Zip line injuries on the rise
Zip lining has become a popular way to experience a little adventure, but serious injuries can be an unintended consequence of that momentary thrill, researchers report.
“Though the rate of injuries while zip lining is relatively low, when injuries do occur they can be quite serious,” said study co-author Tracy Mehan, manager of translational research for the Center for Injury Research and Policy at the Research Institute at Nationwide Children’s Hospital in Columbus, Ohio.
“The high rate of hospitalization is consistent with what we see for adventure sports, and reflects the severity of the injuries associated with this activity,” Mehan said.
An estimated 16,850 nonfatal zip line injuries were treated in U.S. emergency departments between 1997 and 2012, and nearly 70 percent of those injuries occurred during the last four years of that span.
In 2012 alone, more than 3,600 zip line-related injuries were treated in ERs, which is nearly 10 per day. More than 90 percent of injuries occurred from April through October, with the peak in July, the researchers found.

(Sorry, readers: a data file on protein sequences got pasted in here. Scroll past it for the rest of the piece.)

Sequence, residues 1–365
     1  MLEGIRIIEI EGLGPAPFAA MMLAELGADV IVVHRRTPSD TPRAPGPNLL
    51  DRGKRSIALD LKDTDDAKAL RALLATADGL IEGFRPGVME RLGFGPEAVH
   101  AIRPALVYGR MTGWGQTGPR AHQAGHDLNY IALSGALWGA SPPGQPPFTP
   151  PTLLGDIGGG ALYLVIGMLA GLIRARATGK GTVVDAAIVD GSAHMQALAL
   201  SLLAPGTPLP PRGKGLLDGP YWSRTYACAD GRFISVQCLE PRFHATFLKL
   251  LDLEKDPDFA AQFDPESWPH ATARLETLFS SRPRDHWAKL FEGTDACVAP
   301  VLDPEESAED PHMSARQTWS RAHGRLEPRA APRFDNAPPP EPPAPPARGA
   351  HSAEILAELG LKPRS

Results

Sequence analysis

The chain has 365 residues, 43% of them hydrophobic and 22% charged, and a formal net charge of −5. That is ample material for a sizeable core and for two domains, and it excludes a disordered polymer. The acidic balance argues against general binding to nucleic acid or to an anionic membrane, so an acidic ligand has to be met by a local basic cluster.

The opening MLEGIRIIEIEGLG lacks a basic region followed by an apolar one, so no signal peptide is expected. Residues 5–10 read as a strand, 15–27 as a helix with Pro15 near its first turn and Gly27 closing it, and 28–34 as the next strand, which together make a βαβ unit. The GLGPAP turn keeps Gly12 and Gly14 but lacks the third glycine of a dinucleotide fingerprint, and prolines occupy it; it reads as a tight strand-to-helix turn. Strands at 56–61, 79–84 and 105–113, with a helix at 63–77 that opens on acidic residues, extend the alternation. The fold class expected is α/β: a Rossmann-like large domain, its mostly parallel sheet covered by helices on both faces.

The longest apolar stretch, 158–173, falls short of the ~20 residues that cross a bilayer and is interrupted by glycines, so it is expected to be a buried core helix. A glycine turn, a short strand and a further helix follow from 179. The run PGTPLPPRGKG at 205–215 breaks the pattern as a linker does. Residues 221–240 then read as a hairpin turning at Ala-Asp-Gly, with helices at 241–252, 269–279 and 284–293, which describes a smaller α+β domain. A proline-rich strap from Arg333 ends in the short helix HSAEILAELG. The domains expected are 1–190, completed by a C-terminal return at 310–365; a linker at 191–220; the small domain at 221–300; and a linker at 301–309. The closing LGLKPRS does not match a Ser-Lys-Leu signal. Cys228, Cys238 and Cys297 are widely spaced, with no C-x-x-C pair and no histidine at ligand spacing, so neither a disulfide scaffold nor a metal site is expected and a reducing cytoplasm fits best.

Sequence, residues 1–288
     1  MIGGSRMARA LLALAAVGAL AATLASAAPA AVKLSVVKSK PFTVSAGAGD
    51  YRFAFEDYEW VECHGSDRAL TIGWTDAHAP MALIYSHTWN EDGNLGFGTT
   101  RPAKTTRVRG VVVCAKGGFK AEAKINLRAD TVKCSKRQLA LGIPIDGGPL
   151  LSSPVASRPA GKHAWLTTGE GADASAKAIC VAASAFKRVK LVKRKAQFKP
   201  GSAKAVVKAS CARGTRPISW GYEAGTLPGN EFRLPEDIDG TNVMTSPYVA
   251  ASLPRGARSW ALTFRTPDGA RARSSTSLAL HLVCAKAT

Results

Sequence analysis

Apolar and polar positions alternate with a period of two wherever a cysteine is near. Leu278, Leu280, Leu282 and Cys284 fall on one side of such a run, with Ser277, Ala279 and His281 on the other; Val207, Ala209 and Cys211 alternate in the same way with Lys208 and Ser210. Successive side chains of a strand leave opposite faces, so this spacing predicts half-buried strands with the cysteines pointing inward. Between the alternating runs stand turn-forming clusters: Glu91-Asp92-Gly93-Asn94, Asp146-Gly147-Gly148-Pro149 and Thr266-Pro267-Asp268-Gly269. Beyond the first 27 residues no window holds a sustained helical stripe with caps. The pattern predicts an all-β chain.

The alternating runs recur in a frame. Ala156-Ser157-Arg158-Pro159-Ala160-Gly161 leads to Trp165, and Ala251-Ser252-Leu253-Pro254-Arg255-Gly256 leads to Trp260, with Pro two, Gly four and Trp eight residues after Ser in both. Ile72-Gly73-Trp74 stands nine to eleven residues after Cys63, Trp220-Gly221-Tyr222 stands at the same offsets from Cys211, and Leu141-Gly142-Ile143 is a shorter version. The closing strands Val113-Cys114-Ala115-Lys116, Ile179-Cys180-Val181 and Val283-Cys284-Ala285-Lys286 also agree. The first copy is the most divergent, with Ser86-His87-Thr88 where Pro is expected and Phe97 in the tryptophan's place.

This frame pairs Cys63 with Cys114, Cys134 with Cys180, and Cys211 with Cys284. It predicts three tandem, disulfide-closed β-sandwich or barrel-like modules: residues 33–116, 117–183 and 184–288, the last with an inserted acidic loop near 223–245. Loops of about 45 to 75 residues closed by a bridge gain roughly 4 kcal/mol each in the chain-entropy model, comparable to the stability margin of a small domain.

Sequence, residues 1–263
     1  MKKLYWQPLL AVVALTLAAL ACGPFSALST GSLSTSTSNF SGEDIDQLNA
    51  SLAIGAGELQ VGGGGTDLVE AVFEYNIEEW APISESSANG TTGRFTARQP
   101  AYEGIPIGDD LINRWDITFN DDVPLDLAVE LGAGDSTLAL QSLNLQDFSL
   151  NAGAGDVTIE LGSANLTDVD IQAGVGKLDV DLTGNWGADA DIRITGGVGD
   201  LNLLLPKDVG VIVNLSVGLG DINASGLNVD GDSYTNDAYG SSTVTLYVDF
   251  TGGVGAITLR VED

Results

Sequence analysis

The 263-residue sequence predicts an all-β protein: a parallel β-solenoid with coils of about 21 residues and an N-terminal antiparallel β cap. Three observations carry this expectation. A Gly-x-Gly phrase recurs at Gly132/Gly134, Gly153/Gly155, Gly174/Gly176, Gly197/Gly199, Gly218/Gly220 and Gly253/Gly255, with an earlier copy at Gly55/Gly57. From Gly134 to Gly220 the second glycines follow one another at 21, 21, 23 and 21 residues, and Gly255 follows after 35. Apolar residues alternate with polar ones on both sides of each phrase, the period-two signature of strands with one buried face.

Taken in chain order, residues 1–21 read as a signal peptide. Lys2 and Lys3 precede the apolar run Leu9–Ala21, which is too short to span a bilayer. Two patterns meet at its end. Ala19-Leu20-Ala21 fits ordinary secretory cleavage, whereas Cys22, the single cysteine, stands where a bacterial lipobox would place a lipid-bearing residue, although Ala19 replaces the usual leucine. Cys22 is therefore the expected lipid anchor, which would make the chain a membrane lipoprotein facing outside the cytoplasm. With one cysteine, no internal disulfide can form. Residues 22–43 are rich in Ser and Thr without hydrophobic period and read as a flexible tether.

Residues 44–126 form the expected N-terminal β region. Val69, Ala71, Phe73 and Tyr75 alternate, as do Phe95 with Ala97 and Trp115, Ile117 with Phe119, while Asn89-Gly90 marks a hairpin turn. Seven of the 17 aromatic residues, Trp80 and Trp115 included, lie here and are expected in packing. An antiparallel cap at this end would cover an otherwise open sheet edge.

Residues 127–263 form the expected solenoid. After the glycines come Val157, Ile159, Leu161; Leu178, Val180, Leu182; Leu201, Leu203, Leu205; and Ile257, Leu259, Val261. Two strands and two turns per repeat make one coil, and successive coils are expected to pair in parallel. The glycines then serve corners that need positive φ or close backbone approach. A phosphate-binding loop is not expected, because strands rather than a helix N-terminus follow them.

The leading causes of injuries were falls (77 percent) and collisions (13 percent), including those with trees and other structures used to anchor zip lines.
The most common types of injuries were broken bones (46 percent), bruises (15 percent), strains/sprains (15 percent) and concussions/closed head injuries (7 percent). Eleven percent of patients with zip line injuries were admitted to the hospital, according to the study published Oct. 5 in the American Journal of Emergency Medicine.
A zip line is a pulley attached to a cable that’s usually made of stainless steel. The cable is suspended above an incline that allows the user to use gravity to slide from the top of the cable to the bottom.
The number of commercial zip lines in the United States grew from 10 in 2001 to more than 200 in 2012, and there are more than 13,000 amateur zip lines in outdoor education programs, camps and backyards, according to the study.
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